Hello everybody, time for another article direct from the French Alps, this week from the fabulous Espace Killy ski area. This post will be a bit of a curve ball compared to my normal ski instructor articles, but I hope you enjoy it all the same. One of the many brilliant things about skiing is meeting people, and having a right old chat. As much as I've tried to introduce different skiers to you, sometimes their character is lost somehow, which is a real shame. Not any more Ladies and Gents. Let me explain.
One of my favourite photographers I follow on social media is an American chap called Brandon Stanton. Brandon has run a project called 'Humans of New York' (see here for the link) for a few years, where he goes around the city every day and asks people for their photograph. However it doesn't end there, he also asks them for an interesting short story about their life, which accompanies the photo. To say you come across some fascinating characters, and often emotional stories, makes compelling reading. This got me thinking......... why don't I try a similar thing? Let me introduce you to the new project called 'Humans of the Mountains'. The following people I have had the pleasure of skiing with the last couple of weeks. First up, here is Pamela.
"I come from a family who were always very sporty, in fact my Father competed at the 1948 London Olympics in the hurdles event. My first ever skiing holiday was with my family when I was 14 years old in the 1960s. I remember we all followed my Mother like little ducklings, it was splendid fun. We were in the Cairngorms, and it was gloriously sunny every day, so I thought that was what skiing was all about and didn't know any different. My next holiday was quite a shock, it rained every day. We all got frightfully wet. So the sunny weather we've had this week has been marvellous. I'm a Grandmother now, with another Grandchild on the way in March. Right, put that camera down Martin, let's go back to the chalet for some tea and cake shall we?"
"I can't believe my luck today, having just bumped into someone I've followed religously over the last thirty years. Peter Hardy (on the left) has been my favourite skiing and travel journalist for decades. I've got a folder at home full of his articles from over the years. He writes for the Daily Telegraph and various magazines. You wouldn't believe how many ski resorts and mountain restaurants I have visited off the back of his articles, and they have all been so accurate. He is skiing's encyclopedia Martin. And then when he asked us if he could ski with us for a while!?! That was a real honour. I was shaking with excitement in my boots. Martin, let's go to the Folie Douce for a glass of champagne and celebrate. Thanks for taking the photo of me and Peter together."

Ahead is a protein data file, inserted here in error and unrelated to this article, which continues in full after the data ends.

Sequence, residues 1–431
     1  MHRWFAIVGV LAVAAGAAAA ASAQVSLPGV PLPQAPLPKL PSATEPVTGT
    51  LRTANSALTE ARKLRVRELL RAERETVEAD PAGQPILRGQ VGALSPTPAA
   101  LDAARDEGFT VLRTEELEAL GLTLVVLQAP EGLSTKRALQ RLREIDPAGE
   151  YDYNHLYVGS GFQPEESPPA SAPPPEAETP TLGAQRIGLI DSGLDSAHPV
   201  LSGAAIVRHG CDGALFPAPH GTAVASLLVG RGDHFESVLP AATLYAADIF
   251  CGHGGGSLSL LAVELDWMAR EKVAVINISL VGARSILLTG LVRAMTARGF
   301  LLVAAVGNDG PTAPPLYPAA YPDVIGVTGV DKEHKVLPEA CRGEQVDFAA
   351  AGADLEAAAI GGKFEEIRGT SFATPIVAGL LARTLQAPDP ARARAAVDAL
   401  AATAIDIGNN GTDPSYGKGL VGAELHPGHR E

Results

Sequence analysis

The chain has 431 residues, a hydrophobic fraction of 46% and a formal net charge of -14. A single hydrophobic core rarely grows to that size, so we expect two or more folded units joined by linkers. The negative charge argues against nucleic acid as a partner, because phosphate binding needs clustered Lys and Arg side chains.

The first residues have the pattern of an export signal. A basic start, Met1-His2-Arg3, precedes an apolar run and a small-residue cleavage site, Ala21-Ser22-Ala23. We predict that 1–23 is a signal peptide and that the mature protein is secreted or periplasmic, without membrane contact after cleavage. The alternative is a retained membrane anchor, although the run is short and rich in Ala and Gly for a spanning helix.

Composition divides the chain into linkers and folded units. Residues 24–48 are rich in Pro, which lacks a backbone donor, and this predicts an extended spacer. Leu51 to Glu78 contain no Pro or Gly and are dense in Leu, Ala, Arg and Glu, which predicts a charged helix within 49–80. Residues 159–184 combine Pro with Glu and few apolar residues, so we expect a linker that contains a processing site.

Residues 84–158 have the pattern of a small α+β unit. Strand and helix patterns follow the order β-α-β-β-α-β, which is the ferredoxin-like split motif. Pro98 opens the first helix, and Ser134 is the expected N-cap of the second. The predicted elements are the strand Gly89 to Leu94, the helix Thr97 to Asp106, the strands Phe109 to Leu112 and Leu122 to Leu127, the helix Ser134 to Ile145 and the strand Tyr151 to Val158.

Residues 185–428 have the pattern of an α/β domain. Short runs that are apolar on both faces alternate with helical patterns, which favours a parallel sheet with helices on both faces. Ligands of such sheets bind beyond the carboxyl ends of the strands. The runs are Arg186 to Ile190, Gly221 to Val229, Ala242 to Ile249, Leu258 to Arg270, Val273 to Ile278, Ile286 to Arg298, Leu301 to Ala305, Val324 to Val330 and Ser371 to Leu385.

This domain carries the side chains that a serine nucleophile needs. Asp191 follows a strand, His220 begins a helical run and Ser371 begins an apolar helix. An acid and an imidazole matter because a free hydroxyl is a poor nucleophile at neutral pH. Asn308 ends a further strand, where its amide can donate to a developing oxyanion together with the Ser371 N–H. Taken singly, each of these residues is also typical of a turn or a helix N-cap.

"A few years ago my husband and I were on the Abel Tasman walk in New Zealand, where you stay in communal mountain huts overnight. We stayed in one such hut, and the bunk beds were wide enough for several mattresses to line up side by side. My husband was sleeping in a different bunk to me, and on my bunk there was somebody snoring so loud there was no chance of falling asleep. So I poked the person next to me hoping to distrub him, but the snoring continued. Then I kicked him, but still no luck. I was so desperate to sleep, so I had to change my tactics. I reached over and gently stroked his face and forehead. Moments later this guy sat upright, with a huge smile on his face as he looked across to me, but the snoring was still going strong (from somebody else) !?! I rolled over and wrapped myself tightly in my blanket. The very next morning I literally clung unto my husband during breakfast, and tried to avoid eye contact with this guy !?!"